Robot as good as real dog at easing lonely hours
By Julie Steenhuysen
CHICAGO (Reuters) - A friendly dog can make older people feel less isolated -- and it appears to make little difference if that wagging tail belongs to a robot doggie or the real thing.
Researchers at Saint Louis University in Missouri compared a 35-pound (16 kg), floppy-eared mutt named Sparky with AIBO, a far-from-lifelike robot dog, to see how residents of three U.S. nursing homes would respond.
"The most surprising thing is they worked almost equally well in terms of alleviating loneliness and causing residents to form attachments," said Dr. William Banks, a professor of geriatric medicine who worked on the study reported in the Journal of the American Medical Directors Association.
Banks said pets have been shown to help older people feel less isolated. "It really improves loneliness considerably," he said in a telephone interview.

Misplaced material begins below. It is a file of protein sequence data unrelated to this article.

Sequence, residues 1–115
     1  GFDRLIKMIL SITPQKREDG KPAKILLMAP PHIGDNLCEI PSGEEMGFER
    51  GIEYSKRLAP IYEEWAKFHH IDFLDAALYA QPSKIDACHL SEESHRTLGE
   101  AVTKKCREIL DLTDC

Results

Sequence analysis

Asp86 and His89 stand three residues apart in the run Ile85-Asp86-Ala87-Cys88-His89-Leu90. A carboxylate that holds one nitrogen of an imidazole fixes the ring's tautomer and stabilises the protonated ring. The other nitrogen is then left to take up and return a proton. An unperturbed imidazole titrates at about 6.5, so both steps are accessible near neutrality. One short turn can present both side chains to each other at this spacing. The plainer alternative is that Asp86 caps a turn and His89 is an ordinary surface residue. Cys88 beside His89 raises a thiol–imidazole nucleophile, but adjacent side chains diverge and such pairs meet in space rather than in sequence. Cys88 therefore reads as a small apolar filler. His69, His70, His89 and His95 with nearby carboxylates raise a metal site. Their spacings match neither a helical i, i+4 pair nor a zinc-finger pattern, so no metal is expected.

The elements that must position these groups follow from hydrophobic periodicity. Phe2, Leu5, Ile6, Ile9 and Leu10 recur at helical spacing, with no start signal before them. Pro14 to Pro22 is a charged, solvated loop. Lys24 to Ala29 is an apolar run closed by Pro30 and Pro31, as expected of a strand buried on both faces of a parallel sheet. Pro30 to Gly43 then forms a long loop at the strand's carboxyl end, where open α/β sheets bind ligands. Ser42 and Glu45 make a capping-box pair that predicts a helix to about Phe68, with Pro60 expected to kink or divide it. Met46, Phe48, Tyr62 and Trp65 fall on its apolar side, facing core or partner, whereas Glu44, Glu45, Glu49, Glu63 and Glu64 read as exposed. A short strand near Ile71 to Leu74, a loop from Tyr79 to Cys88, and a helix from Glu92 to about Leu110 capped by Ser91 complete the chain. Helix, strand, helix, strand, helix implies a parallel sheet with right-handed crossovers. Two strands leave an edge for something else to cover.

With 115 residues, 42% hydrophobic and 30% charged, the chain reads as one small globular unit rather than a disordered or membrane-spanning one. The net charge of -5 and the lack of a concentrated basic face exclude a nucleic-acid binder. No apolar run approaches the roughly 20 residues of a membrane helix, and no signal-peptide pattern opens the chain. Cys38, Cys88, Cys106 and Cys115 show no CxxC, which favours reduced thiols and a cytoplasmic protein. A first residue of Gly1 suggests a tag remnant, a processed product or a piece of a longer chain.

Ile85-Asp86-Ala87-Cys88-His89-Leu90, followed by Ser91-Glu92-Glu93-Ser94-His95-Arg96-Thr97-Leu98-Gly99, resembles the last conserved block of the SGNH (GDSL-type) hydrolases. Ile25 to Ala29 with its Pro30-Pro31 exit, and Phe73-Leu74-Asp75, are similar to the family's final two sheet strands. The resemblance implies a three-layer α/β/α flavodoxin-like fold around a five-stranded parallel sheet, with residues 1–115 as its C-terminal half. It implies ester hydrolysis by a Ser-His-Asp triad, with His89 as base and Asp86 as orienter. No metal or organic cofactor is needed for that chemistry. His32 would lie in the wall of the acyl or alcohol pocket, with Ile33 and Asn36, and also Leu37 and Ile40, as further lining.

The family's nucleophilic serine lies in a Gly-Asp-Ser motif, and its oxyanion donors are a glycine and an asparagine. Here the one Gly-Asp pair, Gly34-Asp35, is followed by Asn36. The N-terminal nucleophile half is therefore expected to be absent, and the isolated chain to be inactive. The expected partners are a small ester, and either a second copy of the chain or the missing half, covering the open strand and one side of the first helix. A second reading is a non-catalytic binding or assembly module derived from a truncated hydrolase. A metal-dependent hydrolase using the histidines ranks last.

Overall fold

But many senior citizens are too frail to care for a pet or have had to give up their own animals when they went to the nursing home. "They really miss that bond," he said.
Banks and colleagues decided to see if a faux fido might offer some comfort.
The researchers studied 38 nursing home residents who were divided into three groups. One got regular visits from Banks' pet Sparky, another got visits from the AIBO Entertainment Robot, a shiny robot dog formerly made by Sony Corp that used artificial intelligence to interact with its environment and express emotion.
The third group got no visits from either dog.
Banks said he had been sure Sparky would have the edge, but to his surprise, both dogs provided virtually equal comfort after seven weeks of visits.
While AIBO has been discontinued, Banks thinks similar robots could offer companionship for older people and might even be programmed to keep tabs on their owners, alerting emergency workers of a sudden fall.
"Loneliness is common in nursing homes. Robots may be very useful for people who cannot for whatever reason have access to a living dog," Banks said.
(Editing by Maggie Fox and Sandra Maler)